Regardless of what you call macaroni/pasta, this ravioli dish (no other word for it but "ravioli") is really good.  Had I not been bent on making (wonton) ravioli, I easily could have selected several other pasta (or soup or meat) recipes in the book to make for dinner.  That said, allowances must be made for the use of our own family recipes, for example, my family sauce and my family meatballs; Nancy's recipe give you the option of using dark raisins – what?! (That said, southern Italian and Sicilian cuisine is heavily influenced by the Moors and ingredients like raisins are not unheard of, they are just unheard of in my family.)  Her "nonna's" lasagna contained sliced hard-boiled eggs; never did that ingredient grace our family table, especially in an Italian dish.  But hey—we're all "family," right, and so we do not scoff, we do not ridicule, we just accept that our family recipes are different (which is to say the "right" recipes) and get on with our cooking.

PS—Nancy gets high marks for mentioning one of my favorite desserts – Sfogliatelle, pronounced s-foil-la-tell-eh.  Sfogliatelle are filled shell-shaped pastries; the pastry's texture (appearance) resembles stacked leaves.  Damn...where's an Italian bakery when you need one?  (Hint:  not here in Minneapolis, that's where!). 

Meat-Filled Ravioli – serves 6 to 8

1 recipe homemade pasta (Ann's Note:  Nancy's pasta recipe is on p. 122.  You can also look online to get instructions – most of them will be similar to Nancy's.  Locally in the Twin Cities, you can buy fresh sheets of pasta from Broder's Cucina Italiana (50th and Penn Ave S), or you can do what I did and use wonton wrappers.)

½ pound escarole, washed and tough ends removed
2 tablespoons butter
1 garlic glove, minced
¼ pound ground pork
¼ pound ground chicken
2 ounces finely chopped prosciutto
1 egg, lightly beaten
2 tablespoons fresh marjoram or 2 teaspoons dried
Salt and freshly ground black pepper

Ann's Note: In addition, you'll need 2 cups of tomato sauce (Nancy's recipes are on pages 79-83 of her book) and freshly grated Parmesan cheese.  If you want to cook the ravioli in chicken broth instead of using sauce, you can either make Nancy's recipe (page 48) or use either homemade or store-bought broth.

To make the filling, blanch the escarole 2 minutes in a large amount of rapidly boiling salted water.  Drain, rinse with cold water, and squeeze dry.  Finely chopped.  Ann's Note:  yeah....right.  I squeezed the water out of the escarole until my hands hurt and ended up with a giant blob of escarole that was almost impossible to chop – finely, or otherwise.  I think I would go for a minute or less the next time around.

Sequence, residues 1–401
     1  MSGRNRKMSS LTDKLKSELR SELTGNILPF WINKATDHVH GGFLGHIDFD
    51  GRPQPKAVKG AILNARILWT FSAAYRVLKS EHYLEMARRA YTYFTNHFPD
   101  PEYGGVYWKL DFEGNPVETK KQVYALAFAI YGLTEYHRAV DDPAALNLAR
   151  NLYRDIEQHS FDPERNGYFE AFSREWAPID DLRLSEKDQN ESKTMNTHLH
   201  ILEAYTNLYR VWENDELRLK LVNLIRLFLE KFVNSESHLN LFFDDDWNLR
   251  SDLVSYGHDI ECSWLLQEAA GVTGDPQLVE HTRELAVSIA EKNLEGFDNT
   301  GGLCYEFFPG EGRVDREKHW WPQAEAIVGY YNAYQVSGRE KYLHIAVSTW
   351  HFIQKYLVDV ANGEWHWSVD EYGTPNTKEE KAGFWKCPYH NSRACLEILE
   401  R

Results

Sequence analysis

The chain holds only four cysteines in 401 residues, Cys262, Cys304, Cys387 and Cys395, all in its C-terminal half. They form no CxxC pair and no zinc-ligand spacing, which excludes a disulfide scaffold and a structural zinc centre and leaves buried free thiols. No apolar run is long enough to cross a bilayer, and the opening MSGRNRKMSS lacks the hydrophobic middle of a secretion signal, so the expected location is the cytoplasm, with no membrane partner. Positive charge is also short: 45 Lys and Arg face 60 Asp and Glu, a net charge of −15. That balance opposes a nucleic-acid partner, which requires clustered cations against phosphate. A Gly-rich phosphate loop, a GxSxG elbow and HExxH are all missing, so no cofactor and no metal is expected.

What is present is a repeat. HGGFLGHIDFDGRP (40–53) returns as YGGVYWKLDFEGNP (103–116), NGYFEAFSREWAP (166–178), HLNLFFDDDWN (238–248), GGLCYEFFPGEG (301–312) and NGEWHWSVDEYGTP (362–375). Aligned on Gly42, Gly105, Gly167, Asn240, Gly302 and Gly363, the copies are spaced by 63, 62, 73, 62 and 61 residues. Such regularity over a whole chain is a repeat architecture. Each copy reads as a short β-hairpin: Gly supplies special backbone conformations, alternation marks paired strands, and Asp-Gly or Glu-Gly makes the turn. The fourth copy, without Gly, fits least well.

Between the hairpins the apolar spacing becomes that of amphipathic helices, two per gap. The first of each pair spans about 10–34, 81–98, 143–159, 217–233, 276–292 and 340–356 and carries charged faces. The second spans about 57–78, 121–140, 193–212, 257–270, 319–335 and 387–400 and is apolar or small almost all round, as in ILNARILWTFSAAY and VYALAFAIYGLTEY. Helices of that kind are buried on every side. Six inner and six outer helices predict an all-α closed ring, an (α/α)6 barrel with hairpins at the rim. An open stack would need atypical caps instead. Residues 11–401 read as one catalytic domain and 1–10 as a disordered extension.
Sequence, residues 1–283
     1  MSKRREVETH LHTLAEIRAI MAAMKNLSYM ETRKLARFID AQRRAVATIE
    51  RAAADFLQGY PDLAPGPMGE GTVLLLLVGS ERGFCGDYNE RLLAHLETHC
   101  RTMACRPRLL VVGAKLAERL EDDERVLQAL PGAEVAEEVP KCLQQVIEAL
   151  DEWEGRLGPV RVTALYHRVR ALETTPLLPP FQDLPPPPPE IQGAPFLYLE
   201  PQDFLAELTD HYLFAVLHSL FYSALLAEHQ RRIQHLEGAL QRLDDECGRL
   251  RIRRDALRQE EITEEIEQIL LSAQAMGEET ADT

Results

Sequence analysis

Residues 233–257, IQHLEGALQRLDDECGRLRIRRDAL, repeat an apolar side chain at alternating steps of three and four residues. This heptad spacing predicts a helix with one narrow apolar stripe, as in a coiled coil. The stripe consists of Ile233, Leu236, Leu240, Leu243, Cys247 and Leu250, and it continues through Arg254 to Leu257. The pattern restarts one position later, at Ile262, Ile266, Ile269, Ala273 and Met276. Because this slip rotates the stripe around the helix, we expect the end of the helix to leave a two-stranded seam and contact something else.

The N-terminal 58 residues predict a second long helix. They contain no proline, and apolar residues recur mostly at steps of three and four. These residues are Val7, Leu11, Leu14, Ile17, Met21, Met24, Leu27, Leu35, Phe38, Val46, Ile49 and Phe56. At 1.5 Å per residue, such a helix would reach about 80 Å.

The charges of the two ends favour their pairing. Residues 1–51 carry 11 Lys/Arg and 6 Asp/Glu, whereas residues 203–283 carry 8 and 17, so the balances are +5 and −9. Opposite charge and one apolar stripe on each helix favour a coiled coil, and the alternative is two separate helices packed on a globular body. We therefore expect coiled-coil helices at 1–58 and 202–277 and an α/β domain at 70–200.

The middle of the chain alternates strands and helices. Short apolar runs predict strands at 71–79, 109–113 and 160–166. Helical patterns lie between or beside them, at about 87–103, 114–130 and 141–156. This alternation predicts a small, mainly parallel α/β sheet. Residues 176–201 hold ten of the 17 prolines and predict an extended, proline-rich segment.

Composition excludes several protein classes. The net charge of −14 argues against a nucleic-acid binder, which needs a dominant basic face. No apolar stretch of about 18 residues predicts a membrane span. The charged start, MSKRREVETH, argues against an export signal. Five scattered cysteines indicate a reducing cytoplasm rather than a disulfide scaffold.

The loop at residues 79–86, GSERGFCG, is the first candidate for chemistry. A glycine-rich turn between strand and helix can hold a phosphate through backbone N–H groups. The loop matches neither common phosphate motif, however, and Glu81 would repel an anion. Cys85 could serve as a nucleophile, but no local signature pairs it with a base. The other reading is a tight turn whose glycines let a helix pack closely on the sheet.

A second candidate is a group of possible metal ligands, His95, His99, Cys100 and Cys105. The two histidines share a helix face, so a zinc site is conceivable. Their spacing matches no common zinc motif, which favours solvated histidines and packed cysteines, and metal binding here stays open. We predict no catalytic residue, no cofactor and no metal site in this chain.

Melt the butter in a 10-inch skillet.  Add the garlic and cook until golden (Ann's Note:  do not confuse "golden" with "burned;" burned garlic is bitter, "golden" is not.)  Add the pork and chicken and cook until the meats are no longer pink.  Stir in the escarole and cook until completely dry.  Remove from heat and add the prosciutto, bean egg and seasonings.

Fill with the escarole filling and cut the ravioli according to the directions on pages 130-31 (of the cookbook).

If you use wonton wrappers like I did, place about a tablespoon of the filling on one sheet then cover with another.  Dip your fingertip in water and spread the water around the outside of the wonton wrapper, creating a seal.  Gently place these into boiling water.  Cook for 2.5 minutes and remove with a slotted spoon.  Sprinkle with parmesan cheese.

If you are using pasta, add the ravioli to 5 quarts rapidly boiling water and cook until tender.  (Likely about the same amount of time – 2.5 to 3 minutes).  Drain and sauce as desired.  Sprinkle with parmesan cheese.  (Ann's Note:  Nancy's instructions call for you to add 2 tablespoons oil to the boiling water.  I am not a fan of adding oil to pasta water (so the pasta doesn't stick) but it's up to you.)